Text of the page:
Torturous Middle East struggle
Stephen Hecht's letter (Forum, Feb. 8) asks us to rejoice at the vision of Soviet Jews arriving in Israel and immediately receiving their gas masks. We wonder why the Palestinians, native to the area, have yet to receive masks.
Mr. Hecht forgets a few things. One is that 90 percent of Soviet Jews want to settle in the West not in Israel. They go to Israel only as a last resort, when no alternative exists.
Second, the United Nations has declared that Zionism is racism. In fact, Israel is a textbook apartheid state. (I have firsthand knowledge of this, having existed in Israel as a non-Jew.)
Third, the Zionist mission to have Israel serve as a haven for the Jewish people is doomed to failure. The Palestinians, the rightful residents of the area called Israel, have been treated so horribly that the concept of peace in the Middle East is laughable.
Mr. Hecht must remember that there are many more Jews living in the United States than in Israel, the so-called "Jewish homeland." The reason is clear: Israel is hell, for Jews and non-Jews alike, and no one wants to live in hell.
Kirk S. Nevin
Bloody dictators like Saddam don't leave opposition leaders to succeed them. If Saddam goes, which seems likely, who will accept responsibility for this large and strategically critical part of the Middle East? Internally, Saddam's henchmen in the Baath party are unacceptable and the Iraqi religious fundamentalists may be even more dangerous to peace and stability. Syrian- or Iranian-sponsored puppets are a less attractive alternative.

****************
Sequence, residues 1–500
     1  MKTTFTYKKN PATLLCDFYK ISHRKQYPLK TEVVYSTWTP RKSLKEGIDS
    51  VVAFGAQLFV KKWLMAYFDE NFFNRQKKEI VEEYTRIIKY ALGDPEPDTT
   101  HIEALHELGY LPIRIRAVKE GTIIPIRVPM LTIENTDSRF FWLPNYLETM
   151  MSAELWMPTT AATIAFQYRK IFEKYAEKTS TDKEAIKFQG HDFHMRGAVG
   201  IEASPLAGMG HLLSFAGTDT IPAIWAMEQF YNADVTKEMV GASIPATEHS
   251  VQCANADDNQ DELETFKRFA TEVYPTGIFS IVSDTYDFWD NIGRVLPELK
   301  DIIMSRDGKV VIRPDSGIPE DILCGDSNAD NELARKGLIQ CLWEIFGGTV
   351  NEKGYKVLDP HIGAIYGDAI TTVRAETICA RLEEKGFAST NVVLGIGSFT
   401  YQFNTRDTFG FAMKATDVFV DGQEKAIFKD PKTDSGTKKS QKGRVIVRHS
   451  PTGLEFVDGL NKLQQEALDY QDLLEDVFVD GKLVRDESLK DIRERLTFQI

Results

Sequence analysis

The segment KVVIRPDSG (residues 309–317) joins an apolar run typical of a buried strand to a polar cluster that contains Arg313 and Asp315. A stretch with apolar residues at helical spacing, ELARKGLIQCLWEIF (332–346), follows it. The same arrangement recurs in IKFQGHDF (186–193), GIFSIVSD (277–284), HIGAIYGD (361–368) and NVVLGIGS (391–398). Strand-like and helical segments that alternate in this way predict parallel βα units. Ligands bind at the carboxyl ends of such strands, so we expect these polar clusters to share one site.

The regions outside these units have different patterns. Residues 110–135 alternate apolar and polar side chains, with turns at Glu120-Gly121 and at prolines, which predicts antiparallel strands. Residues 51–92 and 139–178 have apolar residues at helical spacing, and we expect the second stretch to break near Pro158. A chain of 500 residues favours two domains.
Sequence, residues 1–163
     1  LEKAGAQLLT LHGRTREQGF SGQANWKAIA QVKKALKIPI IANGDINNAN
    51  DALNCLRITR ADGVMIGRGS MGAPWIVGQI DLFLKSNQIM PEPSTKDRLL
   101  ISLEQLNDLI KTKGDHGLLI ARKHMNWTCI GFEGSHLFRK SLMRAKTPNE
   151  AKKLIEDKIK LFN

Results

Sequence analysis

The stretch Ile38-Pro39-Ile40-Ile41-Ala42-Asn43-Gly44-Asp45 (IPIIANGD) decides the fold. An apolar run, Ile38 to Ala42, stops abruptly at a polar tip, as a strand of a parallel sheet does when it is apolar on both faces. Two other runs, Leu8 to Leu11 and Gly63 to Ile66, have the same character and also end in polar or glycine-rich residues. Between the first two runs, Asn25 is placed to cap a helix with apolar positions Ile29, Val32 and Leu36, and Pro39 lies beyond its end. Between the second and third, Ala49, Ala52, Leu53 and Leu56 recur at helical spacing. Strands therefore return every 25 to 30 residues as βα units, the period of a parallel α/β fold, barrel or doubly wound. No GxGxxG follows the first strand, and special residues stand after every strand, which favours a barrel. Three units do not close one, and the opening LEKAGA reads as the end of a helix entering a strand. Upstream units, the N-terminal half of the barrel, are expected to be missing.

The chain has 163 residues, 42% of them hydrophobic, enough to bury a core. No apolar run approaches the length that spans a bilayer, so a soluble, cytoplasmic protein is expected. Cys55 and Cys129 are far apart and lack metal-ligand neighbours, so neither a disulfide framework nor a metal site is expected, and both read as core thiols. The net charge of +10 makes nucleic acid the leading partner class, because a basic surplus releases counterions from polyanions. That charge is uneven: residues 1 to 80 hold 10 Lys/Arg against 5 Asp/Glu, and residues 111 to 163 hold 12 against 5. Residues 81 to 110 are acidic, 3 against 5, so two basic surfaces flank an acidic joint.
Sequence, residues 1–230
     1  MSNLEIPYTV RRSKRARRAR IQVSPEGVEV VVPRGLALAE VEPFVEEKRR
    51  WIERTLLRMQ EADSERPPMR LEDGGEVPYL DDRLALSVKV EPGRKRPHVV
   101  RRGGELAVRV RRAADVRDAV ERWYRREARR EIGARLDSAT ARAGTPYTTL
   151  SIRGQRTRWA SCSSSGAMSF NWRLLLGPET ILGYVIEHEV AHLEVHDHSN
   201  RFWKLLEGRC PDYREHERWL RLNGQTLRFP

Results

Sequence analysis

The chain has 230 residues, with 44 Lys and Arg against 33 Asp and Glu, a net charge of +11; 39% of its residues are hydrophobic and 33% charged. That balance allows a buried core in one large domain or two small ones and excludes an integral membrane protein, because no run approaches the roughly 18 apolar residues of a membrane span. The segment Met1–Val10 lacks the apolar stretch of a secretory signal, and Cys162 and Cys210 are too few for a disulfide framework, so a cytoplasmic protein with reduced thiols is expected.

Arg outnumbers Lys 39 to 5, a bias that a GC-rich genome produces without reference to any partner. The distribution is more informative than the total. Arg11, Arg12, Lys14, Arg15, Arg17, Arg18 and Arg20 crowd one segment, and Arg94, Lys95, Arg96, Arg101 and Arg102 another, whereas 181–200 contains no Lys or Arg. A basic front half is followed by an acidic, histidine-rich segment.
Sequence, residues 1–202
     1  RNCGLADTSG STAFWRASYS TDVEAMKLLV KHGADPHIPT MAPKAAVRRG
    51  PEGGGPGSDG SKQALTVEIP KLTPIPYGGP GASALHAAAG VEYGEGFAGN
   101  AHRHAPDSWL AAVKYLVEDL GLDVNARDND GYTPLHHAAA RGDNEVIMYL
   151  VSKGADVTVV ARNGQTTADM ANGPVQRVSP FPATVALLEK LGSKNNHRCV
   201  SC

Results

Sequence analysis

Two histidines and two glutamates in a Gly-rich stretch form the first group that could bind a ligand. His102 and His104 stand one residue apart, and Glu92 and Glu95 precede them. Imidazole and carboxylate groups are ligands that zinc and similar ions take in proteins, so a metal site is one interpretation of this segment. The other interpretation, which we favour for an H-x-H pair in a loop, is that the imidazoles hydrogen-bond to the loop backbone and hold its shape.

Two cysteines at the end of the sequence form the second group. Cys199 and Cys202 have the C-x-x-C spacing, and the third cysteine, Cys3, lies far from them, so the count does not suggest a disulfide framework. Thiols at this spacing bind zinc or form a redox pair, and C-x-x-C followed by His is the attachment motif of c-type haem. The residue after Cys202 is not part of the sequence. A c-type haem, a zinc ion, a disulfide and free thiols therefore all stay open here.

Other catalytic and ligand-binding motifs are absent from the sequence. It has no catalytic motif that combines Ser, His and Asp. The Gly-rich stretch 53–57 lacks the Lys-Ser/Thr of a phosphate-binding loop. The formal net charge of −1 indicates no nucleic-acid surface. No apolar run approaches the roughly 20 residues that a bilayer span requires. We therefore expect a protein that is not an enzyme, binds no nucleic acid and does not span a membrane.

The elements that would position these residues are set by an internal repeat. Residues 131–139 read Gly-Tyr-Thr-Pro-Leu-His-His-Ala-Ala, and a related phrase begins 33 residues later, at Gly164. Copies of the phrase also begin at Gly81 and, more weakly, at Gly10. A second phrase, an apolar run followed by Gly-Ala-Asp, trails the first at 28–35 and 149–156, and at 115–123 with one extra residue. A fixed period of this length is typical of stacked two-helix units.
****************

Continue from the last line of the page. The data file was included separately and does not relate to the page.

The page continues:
King Hussein of Jordan's Hashemite family has historic claims to Iraq. His cousin, Faisal II, was killed in an Iraqi coup in 1958, and Saddam Hussein supported the coup. It is interesting that King Hussein's recent speeches elaborately praise the Iraqi people but fail to mention Saddam or Kuwait. The reason for seemingly cutting off his nose with the West may be the possibility of gaining a bigger nose to the east! King Hussein is moderate, Western-educated and married to an American. Some form of governance by King Hussein over the Jordanian-Iraqi territory, perhaps followed by a plebiscite, would be the most acceptable option for both the U.S. and Israel.
Roger C. Kostmayer
"So the mood of the Washington march . . . was a lark, a festival . . . I felt happy," writes Nora Jacobson (Other Voices, Feb. 1), as she demonstrated against the war in the Persian Gulf one recent Saturday.
Perhaps a more fitting way of coping with her "despair" might be to donate a pint of blood for the troops and civilians overseas or to volunteer her services to a local veterans hospital.
Instead of marching for herself, as she describes it, this victim of "depression" and "malaise" could more profitably spend some of her free time helping those who are the true casualties of war.
Ann P. McBride
The United States should be careful to win this gulf war at the bargaining table as well as on the battlefield. When the Iraqi forces have been crushed, we should dictate terms that should settle at least some of the sores of the region. First, northern Iraq should be cut off from the rest and renamed Kurdistan. Leave it to the Arabs and the Kurds to decide the details of the proper boundary, but give the Kurds the homeland they should have gotten at the end of World War I.
The rest of Iraq should be renamed Palestine. Settle all the Palestinians there. They and the Iraqis are all Arab brothers and sisters who should be able to get along with each other. Perhaps put King Hussein in charge. Let him and the Arabs choose who should rule the region with him.